“Hm.” Keith returns to the book, “My mom and I took out a Kitsune back in Arizona when I was a kid. They’re similar in status and shape, but not in morality.”

“Kitsune are usually benevolent.” Shiro murmurs.

“The one we killed wasn’t.” Keith says, “A Kumiho though - they murder because they can. They prefer the liver of humans and can suck energy from men.”

“A shapeshifter and an succubus.” Shiro drops back against the couch. He’s exhausted. “Joy.”

Keith lets out a burst of a laugh, “Gotta give the universe credit, it comes up with some interesting mixtures.”

Shiro chuckles, “The universe, huh?” Keith turns to look at him, “Most hunters I meet only believe in God.”

Keith’s eyes are dark and beautiful and deep, “That’s because they don’t know any better.”

“You’re trusting me with an awful lot of information.” Shiro feels sleepy.

His brain is slowing down and the air is warm and comfortable - almost fuzzy. Keith’s face goes in and out of focus.

God, he’s lovely.

“Just with this.” Keith’s voice sounds so far away, a tunnel, an ocean away.

Shiro tries to grasp at consciousness. In fact, he thinks he reaches out for Keith and warm fingers curl through his own. Keith is leaning over him, voice murky and clouded, his other hand brushing the hair out of Shiro’s face.

His face is so close - and there’s something curving over his jaw, down his neckline - but Shiro can’t see it, not really. He squints and he opens his mouth to ask, but a finger presses against his lips.

The darkness crawls across his vision and Keith’s face swirls in a miasma of shapes and sounds that call to something deep. A hissing of steam and the sound of wind through tree branches in the spring.

It’s his song - it’s his -

“Rest, Takashi. You’re useless to me without any sleep.”

Shiro is helpless to obey.

His finals thought is that he doesn’t recall telling Keith his real name.

Chapter Text



Part Two







If there was a sound for sunlight and starlight and the roar of a supernova; it existed in Shiro’s head.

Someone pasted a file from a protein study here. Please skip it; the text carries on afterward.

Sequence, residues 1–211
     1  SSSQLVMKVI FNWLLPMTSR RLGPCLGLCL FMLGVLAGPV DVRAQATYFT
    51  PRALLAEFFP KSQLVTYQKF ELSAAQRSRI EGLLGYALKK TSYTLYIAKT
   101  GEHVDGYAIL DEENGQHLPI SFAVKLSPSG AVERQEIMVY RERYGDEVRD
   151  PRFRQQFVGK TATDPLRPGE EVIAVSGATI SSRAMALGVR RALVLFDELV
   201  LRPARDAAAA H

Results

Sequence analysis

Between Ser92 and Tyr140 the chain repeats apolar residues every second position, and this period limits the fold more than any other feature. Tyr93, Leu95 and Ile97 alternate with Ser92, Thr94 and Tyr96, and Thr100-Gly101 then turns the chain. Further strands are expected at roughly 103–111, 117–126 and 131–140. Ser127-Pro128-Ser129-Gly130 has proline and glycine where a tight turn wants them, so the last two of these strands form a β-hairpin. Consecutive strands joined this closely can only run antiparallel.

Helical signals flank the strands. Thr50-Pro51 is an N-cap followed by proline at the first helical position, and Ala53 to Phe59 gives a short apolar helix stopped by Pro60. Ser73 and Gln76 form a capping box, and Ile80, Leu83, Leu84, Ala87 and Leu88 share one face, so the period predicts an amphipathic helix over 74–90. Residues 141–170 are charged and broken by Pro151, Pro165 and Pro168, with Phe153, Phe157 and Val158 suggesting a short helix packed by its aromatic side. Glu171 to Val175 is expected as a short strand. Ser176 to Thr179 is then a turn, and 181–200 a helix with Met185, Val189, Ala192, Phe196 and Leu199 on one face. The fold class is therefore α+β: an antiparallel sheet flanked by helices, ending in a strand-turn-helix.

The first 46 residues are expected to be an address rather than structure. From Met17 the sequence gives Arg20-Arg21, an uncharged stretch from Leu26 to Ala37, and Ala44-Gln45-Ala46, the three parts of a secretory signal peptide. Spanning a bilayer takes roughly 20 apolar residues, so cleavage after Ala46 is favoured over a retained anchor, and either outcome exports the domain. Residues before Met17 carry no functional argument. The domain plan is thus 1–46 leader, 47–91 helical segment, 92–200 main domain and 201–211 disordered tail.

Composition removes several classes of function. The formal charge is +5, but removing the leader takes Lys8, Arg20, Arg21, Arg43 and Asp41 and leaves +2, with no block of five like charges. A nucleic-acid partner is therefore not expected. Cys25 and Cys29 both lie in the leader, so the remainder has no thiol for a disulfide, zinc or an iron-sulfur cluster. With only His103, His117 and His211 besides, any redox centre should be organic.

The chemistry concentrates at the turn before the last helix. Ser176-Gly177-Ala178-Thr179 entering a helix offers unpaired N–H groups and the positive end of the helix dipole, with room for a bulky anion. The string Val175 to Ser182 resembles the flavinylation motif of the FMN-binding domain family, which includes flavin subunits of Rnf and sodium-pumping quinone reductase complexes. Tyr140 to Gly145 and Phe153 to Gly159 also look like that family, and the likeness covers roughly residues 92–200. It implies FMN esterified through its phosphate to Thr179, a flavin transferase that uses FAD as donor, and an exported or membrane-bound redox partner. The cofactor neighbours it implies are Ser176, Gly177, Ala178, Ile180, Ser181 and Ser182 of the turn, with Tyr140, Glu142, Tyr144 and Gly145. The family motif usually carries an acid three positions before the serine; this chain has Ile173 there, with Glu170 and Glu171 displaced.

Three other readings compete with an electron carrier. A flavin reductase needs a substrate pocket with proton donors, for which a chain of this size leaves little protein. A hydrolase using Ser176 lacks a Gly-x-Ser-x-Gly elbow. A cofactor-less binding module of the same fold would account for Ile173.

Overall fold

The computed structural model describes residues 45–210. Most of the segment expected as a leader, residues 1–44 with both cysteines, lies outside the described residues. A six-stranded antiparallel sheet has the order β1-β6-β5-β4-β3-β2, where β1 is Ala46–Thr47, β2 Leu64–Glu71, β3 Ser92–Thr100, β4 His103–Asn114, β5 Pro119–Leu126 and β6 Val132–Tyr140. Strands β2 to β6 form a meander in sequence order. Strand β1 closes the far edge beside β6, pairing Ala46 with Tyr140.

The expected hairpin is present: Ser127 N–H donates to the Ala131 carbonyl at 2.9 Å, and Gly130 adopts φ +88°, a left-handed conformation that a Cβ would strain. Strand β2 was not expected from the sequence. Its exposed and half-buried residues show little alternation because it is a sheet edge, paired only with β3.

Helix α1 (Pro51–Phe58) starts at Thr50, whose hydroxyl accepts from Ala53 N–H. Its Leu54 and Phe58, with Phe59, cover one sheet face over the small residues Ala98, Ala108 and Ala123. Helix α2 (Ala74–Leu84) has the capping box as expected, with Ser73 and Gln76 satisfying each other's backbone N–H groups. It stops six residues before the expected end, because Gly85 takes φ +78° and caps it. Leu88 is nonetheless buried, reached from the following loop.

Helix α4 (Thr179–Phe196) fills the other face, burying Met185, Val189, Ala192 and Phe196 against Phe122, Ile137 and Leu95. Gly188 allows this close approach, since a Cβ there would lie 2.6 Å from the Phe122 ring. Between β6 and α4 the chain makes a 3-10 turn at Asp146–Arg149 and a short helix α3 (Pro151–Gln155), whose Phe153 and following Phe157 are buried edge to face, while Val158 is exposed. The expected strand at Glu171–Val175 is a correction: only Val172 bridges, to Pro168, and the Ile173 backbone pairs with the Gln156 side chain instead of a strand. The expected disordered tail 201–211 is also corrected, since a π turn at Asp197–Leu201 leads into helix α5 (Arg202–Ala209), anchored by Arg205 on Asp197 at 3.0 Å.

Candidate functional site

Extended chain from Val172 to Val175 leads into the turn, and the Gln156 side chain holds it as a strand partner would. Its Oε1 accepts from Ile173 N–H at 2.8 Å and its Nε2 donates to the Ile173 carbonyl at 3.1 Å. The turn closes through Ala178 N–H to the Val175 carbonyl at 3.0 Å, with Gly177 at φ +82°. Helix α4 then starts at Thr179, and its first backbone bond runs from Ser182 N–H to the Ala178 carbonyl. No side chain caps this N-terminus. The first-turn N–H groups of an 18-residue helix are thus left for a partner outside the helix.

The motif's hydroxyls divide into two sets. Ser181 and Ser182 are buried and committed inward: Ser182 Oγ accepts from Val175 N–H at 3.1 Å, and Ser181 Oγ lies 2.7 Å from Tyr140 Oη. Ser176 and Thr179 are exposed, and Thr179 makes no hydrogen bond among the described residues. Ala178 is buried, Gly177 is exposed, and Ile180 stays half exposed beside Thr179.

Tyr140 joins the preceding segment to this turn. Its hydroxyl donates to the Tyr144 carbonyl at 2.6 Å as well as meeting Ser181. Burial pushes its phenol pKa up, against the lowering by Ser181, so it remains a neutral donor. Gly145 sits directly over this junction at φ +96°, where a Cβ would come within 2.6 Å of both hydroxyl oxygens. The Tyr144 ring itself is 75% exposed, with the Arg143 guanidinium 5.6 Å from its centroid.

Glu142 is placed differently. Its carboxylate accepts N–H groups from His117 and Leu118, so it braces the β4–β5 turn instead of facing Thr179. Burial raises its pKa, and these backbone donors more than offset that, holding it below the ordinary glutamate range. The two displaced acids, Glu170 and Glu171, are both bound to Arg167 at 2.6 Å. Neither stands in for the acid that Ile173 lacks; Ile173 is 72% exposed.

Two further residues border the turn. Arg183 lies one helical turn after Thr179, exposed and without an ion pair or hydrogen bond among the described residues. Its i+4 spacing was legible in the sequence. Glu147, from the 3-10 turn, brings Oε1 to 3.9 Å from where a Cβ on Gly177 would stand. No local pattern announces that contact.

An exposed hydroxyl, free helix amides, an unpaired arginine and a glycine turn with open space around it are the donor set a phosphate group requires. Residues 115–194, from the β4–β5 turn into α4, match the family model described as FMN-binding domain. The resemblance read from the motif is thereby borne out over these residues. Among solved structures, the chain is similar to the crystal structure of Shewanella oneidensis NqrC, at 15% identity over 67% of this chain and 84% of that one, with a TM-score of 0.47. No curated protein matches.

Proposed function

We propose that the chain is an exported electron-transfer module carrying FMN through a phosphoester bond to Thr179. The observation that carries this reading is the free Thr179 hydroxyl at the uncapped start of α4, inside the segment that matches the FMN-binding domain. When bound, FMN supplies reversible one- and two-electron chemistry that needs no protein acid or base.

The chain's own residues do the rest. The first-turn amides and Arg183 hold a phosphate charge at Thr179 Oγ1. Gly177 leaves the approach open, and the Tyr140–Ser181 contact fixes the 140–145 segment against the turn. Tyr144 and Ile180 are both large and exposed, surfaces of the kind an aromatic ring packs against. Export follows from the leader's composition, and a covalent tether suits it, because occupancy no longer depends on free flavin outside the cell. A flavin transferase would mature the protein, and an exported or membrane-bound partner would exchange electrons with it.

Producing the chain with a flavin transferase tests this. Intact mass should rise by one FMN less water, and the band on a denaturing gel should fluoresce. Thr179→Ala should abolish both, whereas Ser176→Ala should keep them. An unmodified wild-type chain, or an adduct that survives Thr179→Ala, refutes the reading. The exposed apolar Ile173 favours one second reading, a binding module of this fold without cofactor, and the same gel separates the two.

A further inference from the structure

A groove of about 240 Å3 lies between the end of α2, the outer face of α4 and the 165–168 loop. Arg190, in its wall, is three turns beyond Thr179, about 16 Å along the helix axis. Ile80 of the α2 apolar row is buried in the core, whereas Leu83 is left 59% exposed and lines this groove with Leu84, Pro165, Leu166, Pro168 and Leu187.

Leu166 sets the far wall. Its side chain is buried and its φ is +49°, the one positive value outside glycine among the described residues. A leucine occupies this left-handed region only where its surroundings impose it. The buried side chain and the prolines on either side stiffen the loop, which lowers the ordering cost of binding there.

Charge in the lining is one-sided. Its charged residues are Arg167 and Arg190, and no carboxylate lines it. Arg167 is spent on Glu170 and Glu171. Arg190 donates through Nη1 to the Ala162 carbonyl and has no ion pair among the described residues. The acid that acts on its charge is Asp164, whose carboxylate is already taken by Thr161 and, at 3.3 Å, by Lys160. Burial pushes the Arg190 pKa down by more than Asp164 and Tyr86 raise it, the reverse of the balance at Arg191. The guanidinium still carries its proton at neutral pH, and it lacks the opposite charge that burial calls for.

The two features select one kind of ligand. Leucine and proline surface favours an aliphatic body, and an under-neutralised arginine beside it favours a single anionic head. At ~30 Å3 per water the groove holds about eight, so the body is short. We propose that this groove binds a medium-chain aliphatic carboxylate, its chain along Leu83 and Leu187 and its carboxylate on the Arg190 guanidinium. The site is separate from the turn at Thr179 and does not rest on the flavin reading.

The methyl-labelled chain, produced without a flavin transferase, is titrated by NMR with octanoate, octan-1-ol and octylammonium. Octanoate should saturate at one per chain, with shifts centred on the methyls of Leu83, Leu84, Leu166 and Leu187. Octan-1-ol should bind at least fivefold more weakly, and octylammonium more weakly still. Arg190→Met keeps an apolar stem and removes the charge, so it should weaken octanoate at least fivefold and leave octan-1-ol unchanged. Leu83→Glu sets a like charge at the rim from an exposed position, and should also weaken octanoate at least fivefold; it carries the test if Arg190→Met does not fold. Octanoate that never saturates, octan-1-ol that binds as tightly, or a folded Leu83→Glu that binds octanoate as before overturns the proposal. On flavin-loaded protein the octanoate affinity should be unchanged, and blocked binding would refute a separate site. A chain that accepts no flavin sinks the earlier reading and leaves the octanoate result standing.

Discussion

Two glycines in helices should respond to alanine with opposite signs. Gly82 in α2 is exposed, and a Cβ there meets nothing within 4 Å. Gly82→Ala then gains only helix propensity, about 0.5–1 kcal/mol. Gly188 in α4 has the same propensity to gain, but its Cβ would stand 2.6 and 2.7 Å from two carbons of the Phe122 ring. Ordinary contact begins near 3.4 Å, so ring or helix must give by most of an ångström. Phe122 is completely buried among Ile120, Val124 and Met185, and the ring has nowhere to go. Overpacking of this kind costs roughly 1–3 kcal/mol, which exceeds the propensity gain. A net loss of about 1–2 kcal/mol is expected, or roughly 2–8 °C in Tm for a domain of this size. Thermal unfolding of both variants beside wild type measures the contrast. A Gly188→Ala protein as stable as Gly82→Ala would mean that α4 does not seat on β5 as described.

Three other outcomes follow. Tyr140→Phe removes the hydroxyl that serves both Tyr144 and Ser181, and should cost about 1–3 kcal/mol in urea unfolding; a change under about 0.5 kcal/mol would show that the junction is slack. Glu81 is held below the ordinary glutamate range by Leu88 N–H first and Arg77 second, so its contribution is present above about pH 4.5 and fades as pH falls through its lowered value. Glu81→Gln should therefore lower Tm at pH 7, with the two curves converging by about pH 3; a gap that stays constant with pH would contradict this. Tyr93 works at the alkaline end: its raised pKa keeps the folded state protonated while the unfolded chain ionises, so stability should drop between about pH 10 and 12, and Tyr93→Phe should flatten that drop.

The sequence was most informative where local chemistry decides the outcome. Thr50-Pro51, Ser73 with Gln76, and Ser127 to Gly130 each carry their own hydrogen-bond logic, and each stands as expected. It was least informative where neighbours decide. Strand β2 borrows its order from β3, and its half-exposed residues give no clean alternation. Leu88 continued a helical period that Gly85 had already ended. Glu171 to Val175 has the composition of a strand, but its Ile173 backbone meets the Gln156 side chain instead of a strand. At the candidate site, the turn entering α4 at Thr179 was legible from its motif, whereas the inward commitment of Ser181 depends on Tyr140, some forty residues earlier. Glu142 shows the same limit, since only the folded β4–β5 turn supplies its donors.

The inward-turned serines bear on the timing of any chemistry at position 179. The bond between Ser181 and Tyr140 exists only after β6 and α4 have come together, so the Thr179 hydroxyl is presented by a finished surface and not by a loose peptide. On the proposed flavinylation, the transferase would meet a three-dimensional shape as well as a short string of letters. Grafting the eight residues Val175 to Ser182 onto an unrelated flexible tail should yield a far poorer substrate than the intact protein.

When stars collide and entire universes shimmer into existence, he’s right there watching them. He can hear them, see them - sometimes almost touch them in his dreams. It’s unlike anything he’s ever known.

To think he’s gone the last ten years without it -

He feels as though he robbed himself of something beautiful and infinite and utterly irreplaceable for so long.

And even if he spends the rest of his natural life unable to find the source of his song - it’s enough to know it will always be with him.



Shiro wakes in sluggish increments. His brain is hazy with sleep and it grasps uselessly at the song fading away with his subconscious. There’s a scent in the air, cedar and smoke, and it curls around him as he struggles to pull himself back to the waking world.

His eyes blink open, clearing his vision enough to see a wisp of white smoke drifting towards the ceiling. Its source is a small obsidian platter with a pile of ash in the center, red and orange embers glowing.

He blinks again.

He’s not in his hotel room.

Adrenaline spears through him as he shoves up on his hands, heart pounding as the strange room comes into focus.

It’s tiny and barren. With a worn wood night table holding the smoldering ash and a tattered fur rug covering old flooring. The bed is small as well, big enough for only one person, but covered in the softest sheets Shiro’s ever lain in.

His memory is a swirl of bone chimes and a gruesome murder scene and hypnotic violet eyes above a mask of black. He remembers sitting on Keith’s couch and discussing the history of Kumiho - but -

Shiro squints around the room and listens for any sign of life outside it. It’s eerily silent beyond the bed and there’s no window for him to gauge the time or how long he’s been asleep.

He’s been stripped of his jacket and his boots, leaving him in only a white undershirt and his hiking pants. Said jacket and boots are resting on a small wicker chair by the door to the bedroom, as if in wait of him waking.

He gets out of the bed hesitantly, instincts on red alert as he pulls on his boots and tosses the jacket over his arm.